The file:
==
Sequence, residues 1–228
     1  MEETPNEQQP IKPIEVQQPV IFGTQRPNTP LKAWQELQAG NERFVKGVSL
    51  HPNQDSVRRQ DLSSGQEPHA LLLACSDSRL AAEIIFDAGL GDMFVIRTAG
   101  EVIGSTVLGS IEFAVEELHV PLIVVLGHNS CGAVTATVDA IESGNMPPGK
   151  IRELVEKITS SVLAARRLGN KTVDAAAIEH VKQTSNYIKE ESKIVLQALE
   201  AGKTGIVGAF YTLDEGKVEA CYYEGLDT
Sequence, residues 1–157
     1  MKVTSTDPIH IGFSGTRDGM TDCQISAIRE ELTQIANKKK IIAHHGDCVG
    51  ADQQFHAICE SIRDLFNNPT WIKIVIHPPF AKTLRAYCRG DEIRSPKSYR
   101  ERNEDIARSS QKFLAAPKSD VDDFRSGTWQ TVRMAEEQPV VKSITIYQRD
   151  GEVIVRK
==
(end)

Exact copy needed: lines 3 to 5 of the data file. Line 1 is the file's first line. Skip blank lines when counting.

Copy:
    51  HPNQDSVRRQ DLSSGQEPHA LLLACSDSRL AAEIIFDAGL GDMFVIRTAG
   101  EVIGSTVLGS IEFAVEELHV PLIVVLGHNS CGAVTATVDA IESGNMPPGK
   151  IRELVEKITS SVLAARRLGN KTVDAAAIEH VKQTSNYIKE ESKIVLQALE